- DD_DOMAIN = The domain where you will be hosting your Defect Dojo instance.
Categories of Semgrep Rules
I basically copied the same categories that are available in the Semgrep App
Monitor Rules - These help in identify vulnerabilities that you would like to simply monitor but not comment on the PR or block the PR. These might be the ones that you are trying to get signals on and continue to fine tune them before you want to start commenting/blocking the PR.
Comment Rules - These help in identifying high fidelity vulnerabilities that you would want to leave comments on PR. But, if you are not 100% confident that these will always be True Positives or if there are additional cases that you believe you haven't covered, then it is probably not worth blocking the PR yet.
Blocking Rules - These help in identifying high fidelity vulnerabilities that you are 100% confident will be True Positives and thus the PRs should be blocked, if triggered. Example: you can have a rule to detect hardcoded secret(s) (something that you know for sure shouldn't be in the code) and if triggered, you could block the PR with high confidence.
Semgrep Workflow File
We covered the 3 categories of Semgrep rules in the above section. We also covered the 3 scenarios where we would want Semgrep to run in the
Architecture section above. You might be wondering - how do we determine what type of rule to run under what scenario? Read below to find out:
For the 2 scenarios where the Github event type is not a PR i.e. when somebody pushes to the main branch at the path specified or when you want the scan to run at a particular schedule, you could run all the 3 categories of rules and report the findings directly to Defect Dojo since the end user/engineer doesn't really see anything and this is more of a scan that happens in the background i.e. there is no feedback loop for the engineers in the CI/CD pipeline.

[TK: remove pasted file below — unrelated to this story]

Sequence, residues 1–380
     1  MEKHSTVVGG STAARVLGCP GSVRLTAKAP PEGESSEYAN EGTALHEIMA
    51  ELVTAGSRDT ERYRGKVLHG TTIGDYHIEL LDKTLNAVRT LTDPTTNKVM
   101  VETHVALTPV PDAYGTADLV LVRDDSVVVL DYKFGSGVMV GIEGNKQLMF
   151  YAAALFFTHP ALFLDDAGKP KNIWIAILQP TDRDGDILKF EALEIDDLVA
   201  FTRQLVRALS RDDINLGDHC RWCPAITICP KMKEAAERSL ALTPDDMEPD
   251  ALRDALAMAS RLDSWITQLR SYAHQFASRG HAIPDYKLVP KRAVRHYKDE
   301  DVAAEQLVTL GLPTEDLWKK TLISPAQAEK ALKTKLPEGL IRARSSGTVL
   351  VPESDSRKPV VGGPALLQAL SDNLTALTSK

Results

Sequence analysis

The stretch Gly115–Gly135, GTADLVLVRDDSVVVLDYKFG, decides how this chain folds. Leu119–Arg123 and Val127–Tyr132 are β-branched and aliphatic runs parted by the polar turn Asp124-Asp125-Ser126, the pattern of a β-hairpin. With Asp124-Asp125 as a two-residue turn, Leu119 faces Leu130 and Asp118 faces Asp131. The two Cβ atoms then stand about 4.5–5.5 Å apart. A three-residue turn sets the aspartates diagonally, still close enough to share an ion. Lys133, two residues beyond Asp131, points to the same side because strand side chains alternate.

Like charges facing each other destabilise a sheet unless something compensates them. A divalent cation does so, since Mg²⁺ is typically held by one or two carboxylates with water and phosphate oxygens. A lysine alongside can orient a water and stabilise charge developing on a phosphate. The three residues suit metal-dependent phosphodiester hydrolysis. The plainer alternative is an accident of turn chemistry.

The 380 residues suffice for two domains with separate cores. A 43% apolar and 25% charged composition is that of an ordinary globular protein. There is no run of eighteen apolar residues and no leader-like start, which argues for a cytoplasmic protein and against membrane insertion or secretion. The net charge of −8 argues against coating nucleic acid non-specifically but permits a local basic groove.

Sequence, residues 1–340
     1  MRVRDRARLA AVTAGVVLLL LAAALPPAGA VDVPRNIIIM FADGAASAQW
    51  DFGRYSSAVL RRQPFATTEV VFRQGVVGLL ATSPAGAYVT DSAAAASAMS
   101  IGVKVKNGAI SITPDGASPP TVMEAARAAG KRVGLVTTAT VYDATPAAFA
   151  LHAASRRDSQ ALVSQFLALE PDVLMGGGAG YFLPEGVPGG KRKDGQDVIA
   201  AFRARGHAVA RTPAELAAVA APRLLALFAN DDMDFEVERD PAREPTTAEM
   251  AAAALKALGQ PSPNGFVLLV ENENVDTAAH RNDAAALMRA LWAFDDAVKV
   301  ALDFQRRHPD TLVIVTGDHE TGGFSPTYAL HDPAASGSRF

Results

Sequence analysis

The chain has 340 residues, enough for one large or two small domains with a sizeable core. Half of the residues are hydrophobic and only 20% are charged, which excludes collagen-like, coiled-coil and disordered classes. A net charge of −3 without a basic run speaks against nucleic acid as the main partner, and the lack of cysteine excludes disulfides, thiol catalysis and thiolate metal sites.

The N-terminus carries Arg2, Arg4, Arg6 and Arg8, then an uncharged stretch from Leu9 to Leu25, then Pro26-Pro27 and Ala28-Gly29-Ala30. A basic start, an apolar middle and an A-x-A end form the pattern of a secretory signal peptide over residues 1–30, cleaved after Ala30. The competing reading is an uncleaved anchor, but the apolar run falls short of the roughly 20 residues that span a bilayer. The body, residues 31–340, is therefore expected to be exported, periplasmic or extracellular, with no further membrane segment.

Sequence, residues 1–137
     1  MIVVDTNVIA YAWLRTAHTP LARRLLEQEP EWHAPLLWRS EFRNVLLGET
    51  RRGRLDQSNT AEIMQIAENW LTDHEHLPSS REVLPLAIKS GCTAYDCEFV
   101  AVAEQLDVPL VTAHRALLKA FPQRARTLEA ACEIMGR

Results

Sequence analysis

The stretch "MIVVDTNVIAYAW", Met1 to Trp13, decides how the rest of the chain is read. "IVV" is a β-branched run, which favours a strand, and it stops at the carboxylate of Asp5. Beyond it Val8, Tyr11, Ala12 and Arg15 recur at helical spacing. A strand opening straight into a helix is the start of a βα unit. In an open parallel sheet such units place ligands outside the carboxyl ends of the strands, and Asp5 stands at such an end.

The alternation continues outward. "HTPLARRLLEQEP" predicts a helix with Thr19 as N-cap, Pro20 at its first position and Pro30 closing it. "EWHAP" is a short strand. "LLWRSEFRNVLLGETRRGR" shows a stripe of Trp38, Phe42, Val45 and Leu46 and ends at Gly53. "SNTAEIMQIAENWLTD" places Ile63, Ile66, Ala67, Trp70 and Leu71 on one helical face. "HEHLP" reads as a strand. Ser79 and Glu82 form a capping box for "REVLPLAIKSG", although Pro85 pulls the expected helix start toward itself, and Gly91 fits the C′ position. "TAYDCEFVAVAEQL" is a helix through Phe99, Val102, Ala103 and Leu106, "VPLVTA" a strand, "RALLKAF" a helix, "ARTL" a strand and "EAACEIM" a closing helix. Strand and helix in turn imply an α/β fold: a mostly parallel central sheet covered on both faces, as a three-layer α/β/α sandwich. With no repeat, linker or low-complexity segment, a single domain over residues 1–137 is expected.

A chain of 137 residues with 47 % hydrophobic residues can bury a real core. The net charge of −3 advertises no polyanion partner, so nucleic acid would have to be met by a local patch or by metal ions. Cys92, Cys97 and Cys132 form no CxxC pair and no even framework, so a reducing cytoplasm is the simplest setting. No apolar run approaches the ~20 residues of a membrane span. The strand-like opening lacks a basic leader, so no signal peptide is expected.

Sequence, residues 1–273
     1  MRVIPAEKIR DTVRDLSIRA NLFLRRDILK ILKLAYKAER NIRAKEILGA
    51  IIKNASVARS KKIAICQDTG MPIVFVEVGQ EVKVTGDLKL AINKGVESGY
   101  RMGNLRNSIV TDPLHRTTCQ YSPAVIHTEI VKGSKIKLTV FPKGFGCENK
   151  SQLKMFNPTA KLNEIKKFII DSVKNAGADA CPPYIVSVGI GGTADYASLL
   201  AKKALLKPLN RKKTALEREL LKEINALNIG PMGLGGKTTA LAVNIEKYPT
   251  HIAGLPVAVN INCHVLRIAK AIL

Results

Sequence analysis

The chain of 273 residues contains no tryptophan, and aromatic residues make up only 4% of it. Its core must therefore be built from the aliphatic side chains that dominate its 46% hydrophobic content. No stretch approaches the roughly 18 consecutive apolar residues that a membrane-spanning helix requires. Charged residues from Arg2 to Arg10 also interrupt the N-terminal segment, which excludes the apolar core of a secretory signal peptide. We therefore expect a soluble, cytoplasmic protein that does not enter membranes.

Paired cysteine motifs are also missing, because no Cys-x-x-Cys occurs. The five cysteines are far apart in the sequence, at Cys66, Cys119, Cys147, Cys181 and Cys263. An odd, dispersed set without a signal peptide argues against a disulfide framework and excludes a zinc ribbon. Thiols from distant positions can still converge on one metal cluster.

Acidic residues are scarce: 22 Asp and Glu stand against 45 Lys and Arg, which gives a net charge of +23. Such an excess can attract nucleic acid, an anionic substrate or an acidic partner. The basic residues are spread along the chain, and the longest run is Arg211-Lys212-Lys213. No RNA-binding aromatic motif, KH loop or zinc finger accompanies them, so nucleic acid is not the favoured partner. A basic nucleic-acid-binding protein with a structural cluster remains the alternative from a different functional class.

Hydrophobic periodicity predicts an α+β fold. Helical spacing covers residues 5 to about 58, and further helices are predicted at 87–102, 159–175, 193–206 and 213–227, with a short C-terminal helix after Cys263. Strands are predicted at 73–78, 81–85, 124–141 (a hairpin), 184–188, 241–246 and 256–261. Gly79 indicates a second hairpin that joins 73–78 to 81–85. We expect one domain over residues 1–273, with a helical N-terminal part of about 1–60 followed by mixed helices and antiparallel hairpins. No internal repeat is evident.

For the scenario when the Github event type is a PR, you would still want to run all the 3 categories of Rules and get the findings reported to Defect Dojo. In addition to that:
For the monitor rules, you wouldn't want to leave any comments on the PR, neither block the PR. The command for this is
semgrep ci || true. See this for more context.
For the comment rules, you would simply want to leave a comment on the PR but not block the PR. The command for this is also
semgrep ci || truelike above. However, there are some additional steps of retrieving the results in JSON, parsing it and making it readable on the PR comment and then in the end, leave the comment on the PR.
For the block rules, you would want to block the PR. The command for this is